Possible frozen line between main and meter

Discussion in 'Plumbing Forum, Professional & DIY Advice, Tips & ' started by shadowjfaith, Feb 5, 2014.

  1. shadowjfaith

    shadowjfaith New Member

    Messages:
    33
    Location:
    Indiana
    Not sure where else to turn, but I figure a plumbing forum might be best. Story laid out below of everything that's happened so far with my exact question at the end.

    I have been without water for seven days now and I have had 5 service techs out from the water company. The first looked at the meter, said he didn't think it was frozen and proceeded to check my line where it enters the house. My line does not have any insulation in the hole so a draft does blow over the line and he said it was frozen there, believing him I then heated the line up myself with a heat gun for well over 30 minutes, when that failed I called a plumber whom was also unsuccessful in both the line coming in and thawing out the meter with a blow torch.

    The second and third techs didn't do anything, other than telling me I needed to remove the gravel from the pit (which i complied and called again) and showing up a 2 am and claiming to shut the valve off on my side of the meter according to the notes left in the system (I do not have a valve on that side or a curb box for that matter, the only valve I have is on the main side in the pit).

    The fourth tech looked at the meter and said it wasn't frozen, but then in a cocky manner said he would open it and show me it wasn't. After cracking the meter open he was hit by back flow from my line to the house. No water coming from the main, but the meter wasn't frozen as he was able to open it. He called out a fifth tech with a larger truck whom proceeded to do the same and saw the wasn't any water anywhere (as the previous tech had emptied the rest of my line). Before calling dispatch he said it didn't make much sense to him (he has been a service tech for them for 24 years) and that they would send out a larger truck to check the main line. After he got off the phone he was informed to tell me by his supervisor my line was frozen (this is where I was really upset as both your techs said it wasn't and now someone who has never even seen my situation is telling me what's wrong). The tech said he didn't think it was right and advised me to call a supervisor myself and explain the situation. After a few hours on and off the phone I was informed that my line was frozen (where did they get this idea when your experts say it's not) and they would not be sending out any more trucks.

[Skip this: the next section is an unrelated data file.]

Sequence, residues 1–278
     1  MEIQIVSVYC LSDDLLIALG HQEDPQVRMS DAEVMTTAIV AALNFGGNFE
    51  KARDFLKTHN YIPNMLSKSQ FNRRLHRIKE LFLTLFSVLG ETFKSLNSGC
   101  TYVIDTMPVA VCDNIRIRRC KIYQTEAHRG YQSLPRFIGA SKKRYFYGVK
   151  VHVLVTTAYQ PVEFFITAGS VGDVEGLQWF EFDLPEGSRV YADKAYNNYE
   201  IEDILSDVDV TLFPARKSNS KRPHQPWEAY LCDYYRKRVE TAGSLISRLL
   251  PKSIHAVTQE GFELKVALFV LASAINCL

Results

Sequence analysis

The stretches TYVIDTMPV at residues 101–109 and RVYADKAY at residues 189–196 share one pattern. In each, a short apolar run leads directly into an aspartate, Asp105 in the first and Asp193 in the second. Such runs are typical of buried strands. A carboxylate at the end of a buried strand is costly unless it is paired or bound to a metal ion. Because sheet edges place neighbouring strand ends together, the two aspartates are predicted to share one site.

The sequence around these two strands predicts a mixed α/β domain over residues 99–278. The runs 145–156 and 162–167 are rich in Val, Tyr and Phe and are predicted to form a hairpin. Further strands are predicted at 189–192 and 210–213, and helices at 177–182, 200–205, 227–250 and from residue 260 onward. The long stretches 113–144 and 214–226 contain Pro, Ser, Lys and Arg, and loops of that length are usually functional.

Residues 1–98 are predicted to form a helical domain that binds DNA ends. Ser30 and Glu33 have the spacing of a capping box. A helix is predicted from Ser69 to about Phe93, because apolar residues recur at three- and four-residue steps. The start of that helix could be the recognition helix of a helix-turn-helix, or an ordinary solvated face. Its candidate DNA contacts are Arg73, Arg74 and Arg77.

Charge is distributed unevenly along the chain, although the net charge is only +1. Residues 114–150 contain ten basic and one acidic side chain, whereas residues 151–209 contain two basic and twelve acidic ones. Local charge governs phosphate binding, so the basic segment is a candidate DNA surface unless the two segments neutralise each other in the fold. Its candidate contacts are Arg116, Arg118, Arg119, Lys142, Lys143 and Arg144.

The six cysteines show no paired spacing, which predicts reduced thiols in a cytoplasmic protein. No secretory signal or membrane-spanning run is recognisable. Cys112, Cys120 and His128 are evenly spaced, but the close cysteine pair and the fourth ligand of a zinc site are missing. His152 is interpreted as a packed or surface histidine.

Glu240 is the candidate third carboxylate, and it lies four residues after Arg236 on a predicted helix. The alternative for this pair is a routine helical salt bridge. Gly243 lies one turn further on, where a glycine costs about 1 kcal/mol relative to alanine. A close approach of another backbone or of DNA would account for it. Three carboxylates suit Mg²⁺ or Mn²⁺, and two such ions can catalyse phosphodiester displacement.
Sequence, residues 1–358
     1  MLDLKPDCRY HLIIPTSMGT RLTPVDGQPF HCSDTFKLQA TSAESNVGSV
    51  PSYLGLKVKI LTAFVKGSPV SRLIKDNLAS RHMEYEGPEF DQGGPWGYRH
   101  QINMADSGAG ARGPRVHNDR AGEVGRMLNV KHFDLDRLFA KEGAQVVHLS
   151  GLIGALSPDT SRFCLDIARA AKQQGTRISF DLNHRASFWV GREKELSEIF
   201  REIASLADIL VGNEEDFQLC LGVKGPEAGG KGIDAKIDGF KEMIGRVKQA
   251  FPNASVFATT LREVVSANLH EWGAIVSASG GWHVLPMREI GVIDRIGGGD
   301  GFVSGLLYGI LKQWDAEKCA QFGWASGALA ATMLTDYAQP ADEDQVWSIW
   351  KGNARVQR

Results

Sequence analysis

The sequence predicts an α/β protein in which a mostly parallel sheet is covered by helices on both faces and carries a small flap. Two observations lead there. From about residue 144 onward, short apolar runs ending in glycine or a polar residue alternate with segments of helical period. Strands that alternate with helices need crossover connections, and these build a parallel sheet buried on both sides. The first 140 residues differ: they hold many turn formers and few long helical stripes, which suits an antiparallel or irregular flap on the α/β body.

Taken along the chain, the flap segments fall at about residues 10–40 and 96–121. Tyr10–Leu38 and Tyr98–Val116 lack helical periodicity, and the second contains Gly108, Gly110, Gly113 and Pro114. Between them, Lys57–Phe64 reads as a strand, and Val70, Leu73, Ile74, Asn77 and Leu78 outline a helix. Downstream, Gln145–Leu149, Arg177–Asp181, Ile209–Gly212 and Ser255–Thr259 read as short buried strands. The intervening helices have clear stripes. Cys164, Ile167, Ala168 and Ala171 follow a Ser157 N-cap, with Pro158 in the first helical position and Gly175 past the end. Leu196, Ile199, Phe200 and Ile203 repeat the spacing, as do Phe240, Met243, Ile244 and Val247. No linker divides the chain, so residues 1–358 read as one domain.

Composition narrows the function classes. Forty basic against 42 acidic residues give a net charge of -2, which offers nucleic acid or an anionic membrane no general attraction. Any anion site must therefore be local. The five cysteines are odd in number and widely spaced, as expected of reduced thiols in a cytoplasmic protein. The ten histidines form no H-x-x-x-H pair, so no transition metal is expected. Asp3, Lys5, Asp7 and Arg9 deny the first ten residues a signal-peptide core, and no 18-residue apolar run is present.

I understand if my line is frozen as you can't do too much about that other than dig it up, and the water company is not held responsible for frozen lines, but how can you tell for sure (as they never proved it was frozen)? Is there anyway that I or a plumber determine if my line is frozen between the main and the meter as if it's not frozen as it doesn't make much sense to be I will be waiting till spring for them to unclog something that could have been fixed in the first 24 hours.

    Any advice for my situation is greatly appreciated.
  2. DonL

    DonL Jack of all trades

    Messages:
    3,812
    Location:
    Houston, TX
    Sounds like you need insulation and a heat tape.

    Not sure a Forum will give any better answers, than a pro that has already been there.

    By code the water lines should be below the frost line of your area.


    Good Luck.
  3. shadowjfaith

    shadowjfaith New Member

    Messages:
    33
    Location:
    Indiana
    I do need insulation and will be getting that in order soon; however, the problem isn't on my side. If my line was frozen the meter wouldn't have had any back flow, and the lines are in fact buried below the frost line.
  4. DonL

    DonL Jack of all trades

    Messages:
    3,812
    Location:
    Houston, TX
    The back flow was probably just the water in the line before the frozen pipe.

    You can use a salamander heater to unfreeze your pipes.

    You may need a lot of BTUs to get it done.

    This is what I used when I lived near Indianapolis.


    salamander .jpg


    Had to use one just to get the automobiles started when it was below 0F.


    Good Luck.
  5. DougB

    DougB Member

    Frozen pipe can be thawed with a welder. But you gotta get an experienced person.
  6. DonL

    DonL Jack of all trades

    Messages:
    3,812
    Location:
    Houston, TX

    Sure can, If you do not have PVC pipe.
  7. shadowjfaith

    shadowjfaith New Member

    Messages:
    33
    Location:
    Indiana